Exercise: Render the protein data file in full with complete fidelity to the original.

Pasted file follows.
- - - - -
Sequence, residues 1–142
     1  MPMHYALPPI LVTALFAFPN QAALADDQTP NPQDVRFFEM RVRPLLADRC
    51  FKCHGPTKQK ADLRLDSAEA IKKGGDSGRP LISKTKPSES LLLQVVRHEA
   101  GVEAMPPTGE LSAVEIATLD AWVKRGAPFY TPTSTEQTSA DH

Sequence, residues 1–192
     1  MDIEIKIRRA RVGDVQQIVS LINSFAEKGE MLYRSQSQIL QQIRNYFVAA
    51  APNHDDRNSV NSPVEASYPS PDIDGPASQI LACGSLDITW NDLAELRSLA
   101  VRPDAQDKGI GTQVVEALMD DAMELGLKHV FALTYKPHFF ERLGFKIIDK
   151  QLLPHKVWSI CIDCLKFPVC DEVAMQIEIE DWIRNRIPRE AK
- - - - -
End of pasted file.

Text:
Sequence, residues 1–142
     1  MPMHYALPPI LVTALFAFPN QAALADDQTP NPQDVRFFEM RVRPLLADRC
    51  FKCHGPTKQK ADLRLDSAEA IKKGGDSGRP LISKTKPSES LLLQVVRHEA
   101  GVEAMPPTGE LSAVEIATLD AWVKRGAPFY TPTSTEQTSA DH

Sequence, residues 1–192
     1  MDIEIKIRRA RVGDVQQIVS LINSFAEKGE MLYRSQSQIL QQIRNYFVAA
    51  APNHDDRNSV NSPVEASYPS PDIDGPASQI LACGSLDITW NDLAELRSLA
   101  VRPDAQDKGI GTQVVEALMD DAMELGLKHV FALTYKPHFF ERLGFKIIDK
   151  QLLPHKVWSI CIDCLKFPVC DEVAMQIEIE DWIRNRIPRE AK